Butragueno has always exuded an air of serenity, so much so that in 12 years in top-flight football he picked up just five bookings. "I was a forward and my job was to create not destroy. I strongly believe that a player should always think about the best way of helping his team, and fighting with an opposing player or the referee was not mine. My aim was to use a little wit and invention to beat my opponent."
The euphoria of that magical night in Queretaro was quickly dampened, however. After being held 1-1 by Belgium in the quarter-final, the Spaniards lost the resulting penalty shoot-out 5-4 and were eliminated from the tournament. "The journey home was very sad. When the final whistle went I knew we had missed a once-in-a-lifetime chance that Spain would probably never have again."
The drama of that defeat was heightened by the atmosphere in the stands. "Puebla had the highest Spanish population of any city in Mexico. During the World Cup they sold lots of red shirts with the Spanish flag on the back, and that day the entire stadium was a sea of red. When we went out to warm up, I said to Michel, 'This is incredible. It's like being in Seville. We can't lose.' We were on top, we created lots of chances, but in the end we lost."
At the 1990 FIFA World Cup, El Buitre was unable to recreate the magic of Mexico and failed to score a single goal as Spain were knocked out in the last 16. "I wasn't fit and it was a very different experience. I would have liked to have helped the team a lot more. We got better as the tournament wore on and Yugoslavia beat us (2-1 after extra time) in a game that really we should have won. I could have put us 1-0 up, I was gifted a free header but it crashed against the post."
Read more about Italia 90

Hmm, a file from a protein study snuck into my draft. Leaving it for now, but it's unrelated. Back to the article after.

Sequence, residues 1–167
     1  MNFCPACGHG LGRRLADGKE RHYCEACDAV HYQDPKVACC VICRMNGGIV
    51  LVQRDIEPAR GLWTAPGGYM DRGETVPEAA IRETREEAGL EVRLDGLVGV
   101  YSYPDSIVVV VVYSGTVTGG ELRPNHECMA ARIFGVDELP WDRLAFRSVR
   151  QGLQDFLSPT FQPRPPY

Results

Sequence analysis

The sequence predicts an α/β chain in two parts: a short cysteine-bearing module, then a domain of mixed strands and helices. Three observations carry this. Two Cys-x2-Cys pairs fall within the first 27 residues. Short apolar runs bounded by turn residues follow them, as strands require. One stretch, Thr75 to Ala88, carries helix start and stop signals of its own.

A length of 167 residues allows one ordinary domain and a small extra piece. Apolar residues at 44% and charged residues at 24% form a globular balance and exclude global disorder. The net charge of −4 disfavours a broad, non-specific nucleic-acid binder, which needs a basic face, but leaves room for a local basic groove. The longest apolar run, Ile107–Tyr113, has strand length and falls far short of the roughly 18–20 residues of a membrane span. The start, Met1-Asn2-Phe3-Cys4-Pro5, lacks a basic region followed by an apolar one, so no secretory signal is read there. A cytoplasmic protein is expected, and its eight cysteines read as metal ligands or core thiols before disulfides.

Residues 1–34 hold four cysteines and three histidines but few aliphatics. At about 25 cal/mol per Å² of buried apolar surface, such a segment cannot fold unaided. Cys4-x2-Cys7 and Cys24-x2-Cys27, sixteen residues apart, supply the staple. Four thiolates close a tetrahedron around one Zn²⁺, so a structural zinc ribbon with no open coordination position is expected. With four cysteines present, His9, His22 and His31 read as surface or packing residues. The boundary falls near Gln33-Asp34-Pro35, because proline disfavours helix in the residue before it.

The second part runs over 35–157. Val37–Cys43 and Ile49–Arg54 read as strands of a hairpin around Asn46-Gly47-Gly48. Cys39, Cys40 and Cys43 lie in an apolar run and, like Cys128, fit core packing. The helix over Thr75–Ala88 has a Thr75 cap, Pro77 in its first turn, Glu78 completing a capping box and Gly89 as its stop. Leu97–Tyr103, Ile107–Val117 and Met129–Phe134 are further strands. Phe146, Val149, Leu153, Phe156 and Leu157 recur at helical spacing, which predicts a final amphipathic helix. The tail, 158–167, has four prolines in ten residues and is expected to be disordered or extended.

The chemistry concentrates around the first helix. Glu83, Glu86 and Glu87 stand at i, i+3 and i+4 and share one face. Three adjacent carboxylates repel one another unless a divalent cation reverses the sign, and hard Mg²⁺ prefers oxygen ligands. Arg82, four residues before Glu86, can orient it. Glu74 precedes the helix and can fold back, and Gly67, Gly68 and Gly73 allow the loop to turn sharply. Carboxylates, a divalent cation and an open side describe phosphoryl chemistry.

Long after hanging up his boots Butragueno still experiences all the joy and suffering that goes with the game. Football is his job with Real Madrid, his hobby alongside the club's veterans, with whom he trains on a regular basis, a source of relaxation whenever he watches his son play, and his passion as a fan. Not surprisingly, he is also planning a trip to Germany to cheer his country on.
View on Spain's prospects
"I'd like to be optimistic because we've got some exceptional players in the team. I don't think it's realistic to put Spain among the favourites, though. All the usual teams will be there, like Brazil, Argentina, Italy and England. So will Germany, despite what everyone is saying. The hosts are always difficult to beat when there's a World Cup at stake," he explained.
"Spain have definitely got a chance, but we've got to play. I think we'll get through the group phase because we're a better side than our three rivals. We'll just have to see who we get in the knock-out stages. There's no point in making predictions now. Let's just see how the players feel, what injuries we've got, the bookings situation, injuries to our opponents. We've got to be cautious and take it one step at a time."
Butragueno has every faith in the current national coach. "I have always been a fan of Luis Aragones. He is a coach with a lot of personality and very sound judgment, two qualities I see as vital in a coach."
Go to the Spain team page
Not that he has ever been tempted to follow in his footsteps or those of countless other former colleagues who went into management after calling time on their playing careers. "Never!" he said emphatically. "It's a fascinating job, but it can be cruel too. It's a constant challenge to reach limits that few other professions demand. I have a lot of respect for the job, more so every day because I can see how hard it is."
And so, following half an hour of relaxed conversation, Butragueno heads back to his office with deceptive speed to continue with his hectic workload. Who knows, perhaps he is working on bringing another star to the white galaxy.
Surnames: Butragueno Santos
First name: Emilio
Date of birth: 22 July 1963
Place of birth: Madrid, Spain
Playing career: Real Madrid, Atletico Celaya (Mexico)
International caps: 69
Internacional goals: 26
FIFA World Cup
- Quarter-finals in 1986
- Last 16 in 1990
UEFA European Championship
- Runners-up in 1984 (Butragueno did not make any appearances during the tournament) - First round in 1988
- 6 Spanish league titles
- 2 UEFA Cups
- 2 Spanish Cups
- 3 Spanish Super Cups
- 1 Pichichi Trophy (for Spain's top scorer)
- 1 Spanish League Cup
- 1 Copa Iberia
- 1 Division 2B title with Castilla (Real Madrid's B team)